Prairie View A&M University’s campus is buzzing this fall, with more than
two-thousand new faces comprising record first-year student enrollment.
According to the university’s official 20th day of class report, PVAMU had 2,074 incoming freshmen. A year ago, the university had 1,839 freshmen, in 2015, there were 1,627, and in 2014, there were 1,569 freshmen.
So, what changed? For starters, PVAMU established partnerships, or Memorandum of Understandings (MOUs) with 19 school districts in the state. Designed to help bring in top-performing students, the percentage of PVAMU’s incoming freshmen who graduated in the top 25 percent of their high school class increased from 18 percent to
22 percent over the last three years.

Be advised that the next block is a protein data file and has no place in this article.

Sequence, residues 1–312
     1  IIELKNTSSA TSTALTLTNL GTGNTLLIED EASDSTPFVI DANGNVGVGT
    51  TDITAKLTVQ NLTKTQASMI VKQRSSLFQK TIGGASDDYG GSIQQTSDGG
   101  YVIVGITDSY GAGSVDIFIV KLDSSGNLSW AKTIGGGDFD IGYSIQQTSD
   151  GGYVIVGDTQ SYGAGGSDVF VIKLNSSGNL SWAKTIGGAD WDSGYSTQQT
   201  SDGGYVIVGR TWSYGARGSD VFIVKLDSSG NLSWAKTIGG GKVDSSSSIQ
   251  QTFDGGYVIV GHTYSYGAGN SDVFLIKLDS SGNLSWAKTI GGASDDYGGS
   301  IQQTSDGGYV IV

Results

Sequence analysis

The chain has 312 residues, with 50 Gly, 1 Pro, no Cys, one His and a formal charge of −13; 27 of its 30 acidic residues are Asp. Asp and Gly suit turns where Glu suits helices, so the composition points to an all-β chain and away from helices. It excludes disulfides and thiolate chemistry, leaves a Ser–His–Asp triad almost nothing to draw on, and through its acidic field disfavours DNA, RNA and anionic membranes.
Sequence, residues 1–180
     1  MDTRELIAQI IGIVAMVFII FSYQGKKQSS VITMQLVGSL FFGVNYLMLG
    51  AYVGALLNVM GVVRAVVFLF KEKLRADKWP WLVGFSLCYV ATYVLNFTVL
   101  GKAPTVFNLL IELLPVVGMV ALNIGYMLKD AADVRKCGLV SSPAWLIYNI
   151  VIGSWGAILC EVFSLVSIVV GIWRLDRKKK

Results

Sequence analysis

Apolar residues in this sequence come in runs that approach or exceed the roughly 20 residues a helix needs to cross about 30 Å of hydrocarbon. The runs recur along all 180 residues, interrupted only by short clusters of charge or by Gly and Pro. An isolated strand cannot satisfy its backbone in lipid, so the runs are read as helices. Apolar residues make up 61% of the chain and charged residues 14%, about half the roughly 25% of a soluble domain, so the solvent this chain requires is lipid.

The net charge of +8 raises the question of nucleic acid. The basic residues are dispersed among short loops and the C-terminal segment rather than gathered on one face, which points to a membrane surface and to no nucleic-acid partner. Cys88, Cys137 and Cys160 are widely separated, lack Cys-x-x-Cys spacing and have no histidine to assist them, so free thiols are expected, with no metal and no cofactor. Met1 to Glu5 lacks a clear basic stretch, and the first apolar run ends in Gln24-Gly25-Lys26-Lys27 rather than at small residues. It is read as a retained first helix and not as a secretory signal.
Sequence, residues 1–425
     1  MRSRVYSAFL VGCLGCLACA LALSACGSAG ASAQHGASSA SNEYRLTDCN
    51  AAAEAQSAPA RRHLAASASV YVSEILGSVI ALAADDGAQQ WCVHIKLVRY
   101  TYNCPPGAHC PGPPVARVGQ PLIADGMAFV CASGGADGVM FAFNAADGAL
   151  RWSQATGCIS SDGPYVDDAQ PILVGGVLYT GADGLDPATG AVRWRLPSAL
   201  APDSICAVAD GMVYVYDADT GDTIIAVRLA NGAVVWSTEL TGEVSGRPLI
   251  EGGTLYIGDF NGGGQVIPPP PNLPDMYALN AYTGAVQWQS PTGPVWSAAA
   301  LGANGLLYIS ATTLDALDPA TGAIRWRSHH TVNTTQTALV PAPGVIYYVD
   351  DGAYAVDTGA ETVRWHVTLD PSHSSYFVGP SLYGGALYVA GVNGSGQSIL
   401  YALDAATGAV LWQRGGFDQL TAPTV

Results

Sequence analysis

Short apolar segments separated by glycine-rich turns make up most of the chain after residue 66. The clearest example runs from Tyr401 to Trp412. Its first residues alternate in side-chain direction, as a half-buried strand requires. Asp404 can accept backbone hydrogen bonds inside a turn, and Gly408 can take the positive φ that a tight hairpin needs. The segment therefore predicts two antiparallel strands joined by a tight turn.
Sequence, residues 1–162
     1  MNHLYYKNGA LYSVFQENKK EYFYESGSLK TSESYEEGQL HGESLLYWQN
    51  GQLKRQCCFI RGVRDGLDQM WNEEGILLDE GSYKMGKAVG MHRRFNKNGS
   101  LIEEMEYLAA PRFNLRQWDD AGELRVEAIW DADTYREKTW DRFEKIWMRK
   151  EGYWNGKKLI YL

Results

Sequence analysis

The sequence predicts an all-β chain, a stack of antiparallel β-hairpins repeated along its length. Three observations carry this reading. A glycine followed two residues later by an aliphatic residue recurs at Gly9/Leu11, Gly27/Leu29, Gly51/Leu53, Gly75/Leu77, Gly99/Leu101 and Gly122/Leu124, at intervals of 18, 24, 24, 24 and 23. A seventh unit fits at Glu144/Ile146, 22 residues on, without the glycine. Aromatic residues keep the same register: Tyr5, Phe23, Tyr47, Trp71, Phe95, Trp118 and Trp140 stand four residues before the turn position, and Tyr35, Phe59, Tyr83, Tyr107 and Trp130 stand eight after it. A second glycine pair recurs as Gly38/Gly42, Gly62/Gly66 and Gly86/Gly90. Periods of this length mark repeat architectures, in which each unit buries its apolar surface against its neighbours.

PVAMU’s Office of Student Financial Aid and Scholarships is also playing a big role in the ever-growing freshman class size. A few months ago, the office reported awarding a record number of scholarships and financial aid earlier than in past years. “Let’s just say, a lot of kids in high school were very happy,” Ralph Perri, director of Student Financial Aid and Scholarships, said in May.
To seal the deal, the university’s Summer Bridge programs gave freshmen enrollment a boost. This past summer, more than 800 students enrolled. “The university’s commitment to increasing the number of Summer Bridge programs for our incoming freshmen is playing a critical role in our enrollment and retention success,” said John Gardner, assistant vice president for Academic Engagement and Student Success. “Students are able to earn six to 12 hours of college-level coursework towards their degree, depending on the Summer Bridge program. In addition to the coursework, students experience college residential living, with fewer distractions, while creating networks with students, faculty, staff, and administrators. These opportunities really lure more students to make that final decision to come to PV.”